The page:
What Is the Difference Between Turbines & Turboprops?

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Most modern aircraft, both passenger and military, use gas-powered turbines, also known as jet engines, to create thrust and propel the plane forward and into the air. Turbine engines themselves have various subcategories including turbojet, turbofan, turboshaft and turboprop. Each engine type provides a different amount of power and excels at different speeds and altitudes.

Turbine

  • Generally a turbine engine is a rotary engine that uses fluid and air flow for energy. Simple turbines have only one moving part, a rotor assembly, as seen in early turbines such as windmills and water wheels. In turbine engines, a series of drums with blades work to increase the speed of airflow through the engine. Once the engine is spinning, fuel is added and ignited, resulting in very high pressure. This pressure explodes out the rear of the engine and creates the thrust needed to propel the aircraft forward.

Turboprop

  • A turboprop engine uses the basic design of a turbine except with one defining difference: the presence of a propeller at the front of the engine. Most turbines use the exhaust from the air/fuel mixture to create thrust from the back, but turboprop engines use the energy created from the exhaust to spin the rotor for the propeller. The propeller then creates thrust, which pulls the aircraft forward from the front rather than pushing it from the rear.

Uses of Turboprop Engines

  • Turboprop engines don't travel as fast as other turbine-propelled aircraft, primarily because the propeller at the front operates back at lower speeds than those powered exclusively by jet exhaust. Turboprop engines are most efficient at 250 to 400 miles per hour and at 18,000 to 30,000 feet in altitude. Because the propellers require less energy to spin at optimal speed than the power turbine can produce, and the engine exhaust is used to spin the propeller rather explode out the back, turboprop engines are more fuel-efficient than other turbine engines. These characteristics make turboprops the preferred engine for small, subsonic aircraft used for shorter trips.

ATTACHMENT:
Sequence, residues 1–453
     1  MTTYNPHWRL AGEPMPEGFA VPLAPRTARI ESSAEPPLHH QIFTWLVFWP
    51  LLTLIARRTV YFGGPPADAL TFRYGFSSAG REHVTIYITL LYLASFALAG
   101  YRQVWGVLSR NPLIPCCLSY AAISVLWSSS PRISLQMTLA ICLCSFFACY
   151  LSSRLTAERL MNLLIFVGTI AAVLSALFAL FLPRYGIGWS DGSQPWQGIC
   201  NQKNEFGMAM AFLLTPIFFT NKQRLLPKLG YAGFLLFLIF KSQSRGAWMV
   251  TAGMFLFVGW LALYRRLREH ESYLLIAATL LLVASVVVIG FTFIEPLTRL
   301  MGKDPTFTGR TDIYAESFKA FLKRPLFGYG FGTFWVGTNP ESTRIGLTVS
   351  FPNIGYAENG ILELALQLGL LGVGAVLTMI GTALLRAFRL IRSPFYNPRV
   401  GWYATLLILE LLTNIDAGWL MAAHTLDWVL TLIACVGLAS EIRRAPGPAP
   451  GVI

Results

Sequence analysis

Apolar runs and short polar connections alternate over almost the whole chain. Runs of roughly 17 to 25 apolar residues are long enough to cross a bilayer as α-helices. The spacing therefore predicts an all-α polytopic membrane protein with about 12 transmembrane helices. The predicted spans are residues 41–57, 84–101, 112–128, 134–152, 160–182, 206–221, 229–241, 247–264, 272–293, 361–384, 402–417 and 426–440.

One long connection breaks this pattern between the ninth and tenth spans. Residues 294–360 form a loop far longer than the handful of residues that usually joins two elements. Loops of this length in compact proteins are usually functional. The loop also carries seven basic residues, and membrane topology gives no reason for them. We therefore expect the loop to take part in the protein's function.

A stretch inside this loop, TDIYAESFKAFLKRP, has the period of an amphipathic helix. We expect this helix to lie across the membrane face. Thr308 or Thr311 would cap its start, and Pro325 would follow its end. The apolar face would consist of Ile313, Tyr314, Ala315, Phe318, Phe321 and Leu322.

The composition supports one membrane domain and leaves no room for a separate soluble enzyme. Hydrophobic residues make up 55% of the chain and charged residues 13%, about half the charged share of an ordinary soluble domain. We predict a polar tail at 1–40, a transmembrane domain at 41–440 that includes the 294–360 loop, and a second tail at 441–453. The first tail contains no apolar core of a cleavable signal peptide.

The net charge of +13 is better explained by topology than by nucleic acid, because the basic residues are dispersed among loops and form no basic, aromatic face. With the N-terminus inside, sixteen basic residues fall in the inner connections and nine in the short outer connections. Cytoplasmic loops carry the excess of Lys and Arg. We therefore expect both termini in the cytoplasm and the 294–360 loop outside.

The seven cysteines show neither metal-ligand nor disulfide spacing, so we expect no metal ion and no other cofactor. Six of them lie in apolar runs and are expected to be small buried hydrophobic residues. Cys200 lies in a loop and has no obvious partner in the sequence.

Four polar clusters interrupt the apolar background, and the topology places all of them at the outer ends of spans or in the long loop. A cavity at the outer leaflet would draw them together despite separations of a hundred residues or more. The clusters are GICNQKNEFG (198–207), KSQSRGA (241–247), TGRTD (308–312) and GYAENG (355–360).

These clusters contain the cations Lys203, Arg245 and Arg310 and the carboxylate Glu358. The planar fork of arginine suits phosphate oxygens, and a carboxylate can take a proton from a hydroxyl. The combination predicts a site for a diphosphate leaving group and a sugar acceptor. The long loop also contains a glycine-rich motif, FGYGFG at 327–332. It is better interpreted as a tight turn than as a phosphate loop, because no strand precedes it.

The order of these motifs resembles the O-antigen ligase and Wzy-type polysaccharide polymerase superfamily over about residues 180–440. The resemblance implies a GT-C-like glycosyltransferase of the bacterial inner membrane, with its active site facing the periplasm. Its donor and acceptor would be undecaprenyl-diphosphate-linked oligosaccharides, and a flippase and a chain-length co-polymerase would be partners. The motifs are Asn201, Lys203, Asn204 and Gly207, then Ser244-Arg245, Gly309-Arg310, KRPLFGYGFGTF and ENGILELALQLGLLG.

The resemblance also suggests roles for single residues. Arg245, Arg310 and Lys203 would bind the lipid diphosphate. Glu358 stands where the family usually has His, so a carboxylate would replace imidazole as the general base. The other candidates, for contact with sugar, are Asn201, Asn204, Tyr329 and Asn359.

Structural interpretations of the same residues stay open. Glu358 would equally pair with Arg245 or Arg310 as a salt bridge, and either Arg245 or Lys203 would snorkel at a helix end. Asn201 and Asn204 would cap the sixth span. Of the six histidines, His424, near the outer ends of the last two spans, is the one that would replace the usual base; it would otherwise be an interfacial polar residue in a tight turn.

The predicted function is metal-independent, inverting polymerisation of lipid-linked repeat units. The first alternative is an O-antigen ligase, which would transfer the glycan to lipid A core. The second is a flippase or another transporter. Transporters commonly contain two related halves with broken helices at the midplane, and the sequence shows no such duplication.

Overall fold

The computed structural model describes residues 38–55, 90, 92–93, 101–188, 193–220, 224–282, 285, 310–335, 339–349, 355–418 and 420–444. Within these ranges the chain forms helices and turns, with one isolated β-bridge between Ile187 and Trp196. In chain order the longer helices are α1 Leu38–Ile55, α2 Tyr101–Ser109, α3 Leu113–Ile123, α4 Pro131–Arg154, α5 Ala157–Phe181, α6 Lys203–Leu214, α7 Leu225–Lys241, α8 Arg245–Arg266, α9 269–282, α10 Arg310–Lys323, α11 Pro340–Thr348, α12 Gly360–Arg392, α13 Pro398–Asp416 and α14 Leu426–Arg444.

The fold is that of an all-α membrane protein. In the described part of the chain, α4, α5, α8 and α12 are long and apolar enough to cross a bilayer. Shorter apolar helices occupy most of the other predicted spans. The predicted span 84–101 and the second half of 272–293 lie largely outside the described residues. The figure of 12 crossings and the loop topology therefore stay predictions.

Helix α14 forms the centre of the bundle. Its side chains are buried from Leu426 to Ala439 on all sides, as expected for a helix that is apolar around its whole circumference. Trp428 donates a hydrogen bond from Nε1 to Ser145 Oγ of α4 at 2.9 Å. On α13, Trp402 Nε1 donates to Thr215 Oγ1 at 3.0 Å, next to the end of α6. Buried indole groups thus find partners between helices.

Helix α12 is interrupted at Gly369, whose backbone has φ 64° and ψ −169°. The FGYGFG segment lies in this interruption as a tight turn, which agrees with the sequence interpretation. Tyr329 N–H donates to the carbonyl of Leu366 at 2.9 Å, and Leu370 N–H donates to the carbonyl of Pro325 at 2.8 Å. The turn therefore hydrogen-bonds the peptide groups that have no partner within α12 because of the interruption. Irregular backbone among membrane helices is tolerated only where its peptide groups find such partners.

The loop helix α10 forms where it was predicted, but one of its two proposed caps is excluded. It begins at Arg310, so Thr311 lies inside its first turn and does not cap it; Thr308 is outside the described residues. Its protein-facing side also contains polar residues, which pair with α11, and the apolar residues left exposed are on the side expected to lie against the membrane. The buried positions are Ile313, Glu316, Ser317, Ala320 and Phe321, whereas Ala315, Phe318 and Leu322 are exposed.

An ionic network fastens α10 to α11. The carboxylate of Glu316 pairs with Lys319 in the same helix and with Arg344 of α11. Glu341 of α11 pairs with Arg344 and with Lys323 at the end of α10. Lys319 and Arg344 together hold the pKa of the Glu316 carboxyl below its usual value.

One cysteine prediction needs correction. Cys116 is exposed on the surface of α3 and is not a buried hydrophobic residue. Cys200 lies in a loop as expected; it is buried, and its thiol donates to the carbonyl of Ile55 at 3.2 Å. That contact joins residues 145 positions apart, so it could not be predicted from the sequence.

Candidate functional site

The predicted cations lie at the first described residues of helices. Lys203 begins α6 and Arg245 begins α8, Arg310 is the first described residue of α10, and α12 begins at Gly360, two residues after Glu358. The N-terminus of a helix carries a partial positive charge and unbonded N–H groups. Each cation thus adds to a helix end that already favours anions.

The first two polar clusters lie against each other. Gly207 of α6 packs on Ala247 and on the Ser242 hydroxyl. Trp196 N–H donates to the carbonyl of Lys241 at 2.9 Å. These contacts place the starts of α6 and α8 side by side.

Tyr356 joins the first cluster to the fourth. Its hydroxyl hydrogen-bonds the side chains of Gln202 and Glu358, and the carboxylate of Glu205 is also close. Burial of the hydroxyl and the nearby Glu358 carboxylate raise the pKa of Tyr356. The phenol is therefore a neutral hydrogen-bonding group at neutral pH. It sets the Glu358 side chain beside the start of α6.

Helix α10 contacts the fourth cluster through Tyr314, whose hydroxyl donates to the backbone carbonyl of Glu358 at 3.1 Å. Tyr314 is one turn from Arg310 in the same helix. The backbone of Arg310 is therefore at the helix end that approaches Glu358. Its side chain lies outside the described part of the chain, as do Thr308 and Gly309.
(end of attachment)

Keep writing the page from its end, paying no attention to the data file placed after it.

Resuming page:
Other Types of Turbines

  • Turbojet engine are essentially the basic type of turbine engine, accelerating inlet air into the combustion chamber where fuel is added and ignited to expand the air and release it through the exhaust system. Turbofans include features of both turbojet and turboprop engines; the inlet air is diverted into two directions, with one direction used to power spin and accelerate through the rotor while the second stream bypasses the combustion chamber to cool the engine, reduce noise and create additional thrust. The turboshaft engine works much like a turboprop in that the power is used to create spin rather than thrust. Many helicopters use turboshaft engines.

References

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